This efficient recordkeeping system keeps all job-related paperwork in one place on site Without a way to organize the paperwork that tends to accumulate at the job site, it’s impossible to find what you need when you need it. On my first few jobs, the client’s name went on an overstuffed file folder that lived on the passenger seat of my truck, often till months after the job was complete. Like most tools, however, the paperwork got sharper with experience. These days I work as a project manager handling several jobs at any one time. To keep all the records straight, I use a separate, three-ring binder for each job. All paperwork relating directly to the construction process is organized into ten standardized sections, and the notebook stays on site where the crew and I – and the homeowners – use it every day. When the job is completed, the notebook goes onto a shelf in my office for quick reference. The ten sections can easily be modified to meet the unique requirements of any construction company or of a particular job, but I’ve deliberately designed the organizational scheme to follow the order of construction. The simplicity of the notebook increases the likelihood that it will be used, and to be effective it must be accessible and concise.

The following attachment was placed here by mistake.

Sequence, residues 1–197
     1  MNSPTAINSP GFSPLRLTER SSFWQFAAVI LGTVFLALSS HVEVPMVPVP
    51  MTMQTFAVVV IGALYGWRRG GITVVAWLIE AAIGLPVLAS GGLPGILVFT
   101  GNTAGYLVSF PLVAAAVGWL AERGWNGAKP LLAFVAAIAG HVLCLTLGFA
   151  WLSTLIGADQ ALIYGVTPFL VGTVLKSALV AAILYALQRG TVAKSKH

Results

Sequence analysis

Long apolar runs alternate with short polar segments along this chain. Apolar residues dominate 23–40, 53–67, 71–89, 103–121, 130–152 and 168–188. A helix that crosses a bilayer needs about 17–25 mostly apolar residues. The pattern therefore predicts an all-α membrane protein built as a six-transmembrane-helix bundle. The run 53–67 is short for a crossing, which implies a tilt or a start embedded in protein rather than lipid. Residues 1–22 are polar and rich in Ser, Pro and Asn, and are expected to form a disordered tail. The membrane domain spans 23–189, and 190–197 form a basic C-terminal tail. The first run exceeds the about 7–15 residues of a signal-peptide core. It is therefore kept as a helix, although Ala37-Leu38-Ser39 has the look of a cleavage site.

The forms I use for the job-site notebook are all readily available, either at stationery stores or by mail order. Here are the sources I use to build each notebook for as little as $10:

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